Kylie Briscoe’s mama is not just an addict; she’s also a dealer, and anytime she owes her uplines money, she makes them a “square deal”—she trafficks Kylie for sex. Even though Mama promised her that after the last time, she wouldn’t have to do it again, Mama does not have a good track record in the promise-keeping department.
The principal caregiver of her little sister, Aliza, Kylie finds solace in the moon—it soothes her so—but she has no idea why. When the devil himself breaks down their door and it’s abundantly clear that Mama’s once again proposing Kylie as one-half of a “square deal”, Kylie can’t take it anymore. She cries for help from a neighbor and gets it—but what feels like a rescue is more like a death when fifteen-year-old Kylie loses her beloved three-year-old sister Aliza, the only person who’s ever loved her, and is taken hundreds of miles away to live with the family Mama said was dead.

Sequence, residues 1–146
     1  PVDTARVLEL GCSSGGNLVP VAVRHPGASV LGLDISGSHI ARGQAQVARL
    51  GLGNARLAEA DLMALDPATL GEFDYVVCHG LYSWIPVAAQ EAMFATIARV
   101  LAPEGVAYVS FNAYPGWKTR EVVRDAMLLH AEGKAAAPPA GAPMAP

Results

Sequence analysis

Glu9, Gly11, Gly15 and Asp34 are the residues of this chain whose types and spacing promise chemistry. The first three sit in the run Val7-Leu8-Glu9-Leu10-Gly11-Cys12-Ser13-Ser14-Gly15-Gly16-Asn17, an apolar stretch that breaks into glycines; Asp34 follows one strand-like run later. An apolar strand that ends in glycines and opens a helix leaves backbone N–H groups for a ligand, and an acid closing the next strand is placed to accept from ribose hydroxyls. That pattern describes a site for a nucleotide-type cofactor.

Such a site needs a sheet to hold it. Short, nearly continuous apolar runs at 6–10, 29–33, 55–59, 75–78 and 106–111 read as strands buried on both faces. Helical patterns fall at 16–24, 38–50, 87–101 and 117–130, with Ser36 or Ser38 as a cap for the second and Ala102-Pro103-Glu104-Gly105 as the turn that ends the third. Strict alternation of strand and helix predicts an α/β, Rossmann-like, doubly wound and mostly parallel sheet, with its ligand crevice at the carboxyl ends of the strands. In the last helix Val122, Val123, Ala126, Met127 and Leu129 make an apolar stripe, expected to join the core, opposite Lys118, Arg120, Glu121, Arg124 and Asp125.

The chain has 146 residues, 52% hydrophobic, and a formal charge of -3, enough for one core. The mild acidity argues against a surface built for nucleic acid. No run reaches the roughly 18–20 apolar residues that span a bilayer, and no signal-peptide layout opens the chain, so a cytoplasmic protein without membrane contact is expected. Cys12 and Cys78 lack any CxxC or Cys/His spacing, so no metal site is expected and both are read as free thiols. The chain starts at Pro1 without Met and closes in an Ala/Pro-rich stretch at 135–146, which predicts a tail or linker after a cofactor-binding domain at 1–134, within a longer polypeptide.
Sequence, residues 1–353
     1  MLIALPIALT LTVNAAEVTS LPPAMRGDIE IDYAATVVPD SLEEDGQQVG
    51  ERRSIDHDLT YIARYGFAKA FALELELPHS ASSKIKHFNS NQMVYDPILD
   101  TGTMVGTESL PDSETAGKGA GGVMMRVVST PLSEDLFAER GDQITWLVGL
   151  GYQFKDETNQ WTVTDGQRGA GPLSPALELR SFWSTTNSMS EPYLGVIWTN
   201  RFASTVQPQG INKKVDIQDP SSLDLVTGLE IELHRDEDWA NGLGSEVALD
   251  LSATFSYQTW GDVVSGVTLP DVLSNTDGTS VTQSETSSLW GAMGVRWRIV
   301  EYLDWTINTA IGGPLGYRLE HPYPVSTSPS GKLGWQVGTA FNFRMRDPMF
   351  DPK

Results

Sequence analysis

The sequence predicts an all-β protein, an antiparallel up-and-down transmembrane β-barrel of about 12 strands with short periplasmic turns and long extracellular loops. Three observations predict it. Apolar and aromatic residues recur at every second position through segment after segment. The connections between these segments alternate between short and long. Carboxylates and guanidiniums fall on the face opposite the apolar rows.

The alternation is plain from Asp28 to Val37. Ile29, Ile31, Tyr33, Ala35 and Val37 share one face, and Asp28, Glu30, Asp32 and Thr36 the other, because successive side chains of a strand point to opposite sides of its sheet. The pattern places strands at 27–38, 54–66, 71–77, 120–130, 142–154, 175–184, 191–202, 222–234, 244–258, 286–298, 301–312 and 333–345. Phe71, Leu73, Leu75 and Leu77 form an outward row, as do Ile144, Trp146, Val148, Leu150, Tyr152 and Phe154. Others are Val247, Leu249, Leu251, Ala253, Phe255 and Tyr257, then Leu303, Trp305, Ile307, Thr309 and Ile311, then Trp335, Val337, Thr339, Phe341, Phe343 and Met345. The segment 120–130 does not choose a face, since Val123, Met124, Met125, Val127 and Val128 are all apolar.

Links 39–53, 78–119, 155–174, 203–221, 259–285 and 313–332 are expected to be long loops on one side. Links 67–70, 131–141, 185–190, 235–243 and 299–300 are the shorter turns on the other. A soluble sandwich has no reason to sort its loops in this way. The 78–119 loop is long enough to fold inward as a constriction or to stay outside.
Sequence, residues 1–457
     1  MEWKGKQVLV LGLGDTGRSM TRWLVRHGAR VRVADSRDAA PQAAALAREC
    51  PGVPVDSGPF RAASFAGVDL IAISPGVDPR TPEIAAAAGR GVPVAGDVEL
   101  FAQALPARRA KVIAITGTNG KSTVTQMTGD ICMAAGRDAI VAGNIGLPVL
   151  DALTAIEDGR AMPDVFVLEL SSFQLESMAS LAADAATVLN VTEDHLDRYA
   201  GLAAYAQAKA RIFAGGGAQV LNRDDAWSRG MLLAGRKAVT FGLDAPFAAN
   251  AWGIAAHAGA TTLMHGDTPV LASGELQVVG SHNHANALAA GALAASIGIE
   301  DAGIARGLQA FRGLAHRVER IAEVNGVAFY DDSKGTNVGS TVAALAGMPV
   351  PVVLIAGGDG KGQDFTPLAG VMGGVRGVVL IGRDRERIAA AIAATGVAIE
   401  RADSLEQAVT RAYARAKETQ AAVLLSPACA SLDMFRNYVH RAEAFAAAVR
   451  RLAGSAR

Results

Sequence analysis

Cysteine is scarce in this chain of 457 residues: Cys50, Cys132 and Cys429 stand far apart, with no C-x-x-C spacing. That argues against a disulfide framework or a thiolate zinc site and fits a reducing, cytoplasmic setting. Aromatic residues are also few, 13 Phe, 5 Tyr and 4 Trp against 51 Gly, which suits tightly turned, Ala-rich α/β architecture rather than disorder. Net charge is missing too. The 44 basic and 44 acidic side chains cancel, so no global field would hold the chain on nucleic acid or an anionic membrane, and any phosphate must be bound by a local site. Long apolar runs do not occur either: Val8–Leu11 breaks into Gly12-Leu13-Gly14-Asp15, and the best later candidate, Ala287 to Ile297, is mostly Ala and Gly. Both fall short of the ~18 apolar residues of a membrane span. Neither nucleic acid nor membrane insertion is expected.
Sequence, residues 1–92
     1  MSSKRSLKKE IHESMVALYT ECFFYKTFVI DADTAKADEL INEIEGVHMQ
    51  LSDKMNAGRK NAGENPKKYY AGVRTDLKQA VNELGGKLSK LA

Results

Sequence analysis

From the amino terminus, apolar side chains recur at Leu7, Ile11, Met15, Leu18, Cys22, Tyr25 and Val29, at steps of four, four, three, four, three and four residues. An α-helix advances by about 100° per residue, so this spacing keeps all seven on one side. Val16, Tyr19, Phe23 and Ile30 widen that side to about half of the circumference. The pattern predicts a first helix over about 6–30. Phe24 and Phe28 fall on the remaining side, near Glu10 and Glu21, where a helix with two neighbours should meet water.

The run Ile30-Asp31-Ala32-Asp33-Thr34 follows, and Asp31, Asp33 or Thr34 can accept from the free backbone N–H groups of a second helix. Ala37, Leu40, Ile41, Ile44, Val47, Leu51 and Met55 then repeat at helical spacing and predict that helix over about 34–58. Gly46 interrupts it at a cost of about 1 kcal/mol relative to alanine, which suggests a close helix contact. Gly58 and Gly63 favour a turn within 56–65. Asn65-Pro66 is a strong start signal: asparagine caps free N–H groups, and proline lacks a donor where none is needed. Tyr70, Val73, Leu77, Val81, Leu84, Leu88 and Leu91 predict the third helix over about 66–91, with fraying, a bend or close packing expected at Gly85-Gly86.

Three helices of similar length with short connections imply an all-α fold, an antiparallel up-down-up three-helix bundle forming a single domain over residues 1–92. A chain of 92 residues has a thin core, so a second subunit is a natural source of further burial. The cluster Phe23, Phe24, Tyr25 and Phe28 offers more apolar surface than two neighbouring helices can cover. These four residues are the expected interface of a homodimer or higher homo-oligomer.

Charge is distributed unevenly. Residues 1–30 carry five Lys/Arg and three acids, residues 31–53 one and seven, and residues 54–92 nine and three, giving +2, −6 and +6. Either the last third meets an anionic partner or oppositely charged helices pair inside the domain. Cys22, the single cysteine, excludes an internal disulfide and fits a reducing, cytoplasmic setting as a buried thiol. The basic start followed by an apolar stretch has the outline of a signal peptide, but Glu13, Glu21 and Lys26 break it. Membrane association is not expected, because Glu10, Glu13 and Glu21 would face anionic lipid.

Now Kylie’s in tiny Patience, Texas with her eccentric potty-mouthed grandmother, ever-patient stargazing grandfather, uncle who reminds her a lot of a cop who terrified her during a drug bust, and a herd of Norwegian Dwarf goats, their “guard donkeys,” and three canine roommates occupying Kylie’s former nursery. The dogs aren’t too sure about sharing “their” bed with Kylie—especially Jake, who Uncle Joey calls “a manatee-canine hybrid.” Ethan, the teen son of Kylie’s English teacher, takes an interest in Kylie and appoints himself her “tour guide” for the tiny two-hallway high school. He warns Kylie to stay away from Casey Tucker, a troubled grieving boy whom Kylie trusts too easily. When the drug charges against Mama are dropped and it appears Kylie might be returned to the Hell her mother subjected her to, Kylie must decide whether to tell the truth—all of it—in order to save herself and her sister.